Annegreet Ottow-Boekeloo
“Without the use of local knowledge, local materials and involving local people, a sustainable product will never be developed, let alone be used.”

"I am very enthusiastic about renewable energy technologies, so my choice to do the Master's in Sustainable Energy Technology was obvious. During my Master's, I gained broad knowledge in the field of energy technology, both on the level of engineering and social sciences. Especially the broad view that goes beyond technical aspects was eye-opening.

Ecuador

My motivation was to use sustainable energy technologies in rural areas to improve livelihood circumstances. I did my internship at an organic farm in a beautiful valley in Ecuador. I helped to design and implement the construction of a micro-hydropower plant of 4 kW. By working in the field, you find that there is much more to it than just making calculations behind your desk. It appeared that the soil contained a lot of huge unmoveable rocks and the sand that was needed for the concrete needed to be shovelled out of the river and transported with donkeys.

“By working in the field, you find that there is much more to it than just making calculations behind your desk.”

Also, the local people with years of working experience have very different ideas about the practical implementation of the construction and while I was there, the weather conditions with extremely heavy rainfall flooded away two weeks of work. Anyway, I stayed motivated because I knew that eventually the potential energy from the water would be converted into electrical energy that provides lighting in the houses of the farmers in the valley.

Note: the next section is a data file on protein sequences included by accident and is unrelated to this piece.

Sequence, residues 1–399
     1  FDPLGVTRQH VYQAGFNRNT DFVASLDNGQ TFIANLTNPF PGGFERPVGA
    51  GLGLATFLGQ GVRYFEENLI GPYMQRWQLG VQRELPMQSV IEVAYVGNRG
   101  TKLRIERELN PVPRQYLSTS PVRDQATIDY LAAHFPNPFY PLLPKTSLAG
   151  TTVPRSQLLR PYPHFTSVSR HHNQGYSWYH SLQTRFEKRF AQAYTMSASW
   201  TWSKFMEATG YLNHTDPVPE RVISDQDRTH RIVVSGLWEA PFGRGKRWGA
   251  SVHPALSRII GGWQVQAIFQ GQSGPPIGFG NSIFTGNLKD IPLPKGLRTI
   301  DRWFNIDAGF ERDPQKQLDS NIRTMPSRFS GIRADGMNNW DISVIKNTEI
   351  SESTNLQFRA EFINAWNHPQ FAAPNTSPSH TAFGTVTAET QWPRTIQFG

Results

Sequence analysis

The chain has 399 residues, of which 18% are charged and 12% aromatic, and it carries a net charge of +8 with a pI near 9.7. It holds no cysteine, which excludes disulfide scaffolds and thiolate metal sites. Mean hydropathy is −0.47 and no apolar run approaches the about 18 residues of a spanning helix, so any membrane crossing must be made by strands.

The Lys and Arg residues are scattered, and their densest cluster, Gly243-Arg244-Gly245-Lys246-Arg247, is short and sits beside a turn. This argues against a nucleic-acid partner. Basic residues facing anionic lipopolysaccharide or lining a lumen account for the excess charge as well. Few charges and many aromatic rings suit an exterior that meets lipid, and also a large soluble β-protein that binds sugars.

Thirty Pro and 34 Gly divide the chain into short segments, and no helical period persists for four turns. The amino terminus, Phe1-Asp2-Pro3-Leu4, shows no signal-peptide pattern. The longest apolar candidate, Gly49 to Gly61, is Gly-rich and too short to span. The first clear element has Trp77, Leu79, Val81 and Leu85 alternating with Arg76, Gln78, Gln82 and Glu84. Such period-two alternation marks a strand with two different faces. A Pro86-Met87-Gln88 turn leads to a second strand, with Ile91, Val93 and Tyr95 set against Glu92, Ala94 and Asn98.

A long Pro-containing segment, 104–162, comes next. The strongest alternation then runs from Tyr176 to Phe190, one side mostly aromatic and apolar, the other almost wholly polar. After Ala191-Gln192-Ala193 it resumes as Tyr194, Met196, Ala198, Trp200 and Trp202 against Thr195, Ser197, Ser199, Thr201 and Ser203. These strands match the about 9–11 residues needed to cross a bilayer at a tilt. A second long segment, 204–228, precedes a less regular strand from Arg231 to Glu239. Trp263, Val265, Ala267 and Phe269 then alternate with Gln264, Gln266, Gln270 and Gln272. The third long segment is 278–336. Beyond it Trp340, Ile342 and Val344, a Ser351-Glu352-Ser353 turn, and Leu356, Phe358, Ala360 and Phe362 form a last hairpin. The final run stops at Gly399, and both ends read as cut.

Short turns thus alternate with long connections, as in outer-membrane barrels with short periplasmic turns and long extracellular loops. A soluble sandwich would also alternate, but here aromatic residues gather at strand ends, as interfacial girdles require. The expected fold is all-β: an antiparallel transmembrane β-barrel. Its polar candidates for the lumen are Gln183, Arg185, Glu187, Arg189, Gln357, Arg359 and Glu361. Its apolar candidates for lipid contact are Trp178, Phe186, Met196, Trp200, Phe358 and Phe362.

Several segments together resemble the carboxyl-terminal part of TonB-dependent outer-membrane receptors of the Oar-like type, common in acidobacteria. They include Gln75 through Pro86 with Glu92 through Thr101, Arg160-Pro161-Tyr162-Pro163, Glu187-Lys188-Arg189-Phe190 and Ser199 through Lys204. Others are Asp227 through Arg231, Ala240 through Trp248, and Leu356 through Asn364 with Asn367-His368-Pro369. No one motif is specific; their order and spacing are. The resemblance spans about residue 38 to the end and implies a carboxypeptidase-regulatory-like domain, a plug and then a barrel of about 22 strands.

Kenya

I graduated at the Department of Technology and Governance for Sustainability (CSTM) at the University of Twente. I had the opportunity to do my graduation research in Kenya at an NGO for sustainable community development services. My study was about the substitution of a traditional fire with an improved cookstove in rural households and I researched what the impact was on fuelwood consumption.

I find it very interesting to search for the differences between cultures, values and ways of living. It is very important to use this information to get an appropriate technology. For example, a cooking device for us only has the function to heat food. But in the hilly areas in Kenya many more functions might be hidden in this device, like heating the room and giving social status to the family. Without the use of local knowledge, local materials and involving local people, a sustainable product will never be developed, let alone be used.

My internship and graduation project gave me valuable experiences and an idea of how it is to work in rural areas with different cultures. It has not deterred me, but rather strengthened me for a career in the development sector. I want to contribute to a society in which all people enjoy the freedom to pursue their own sustainable development."

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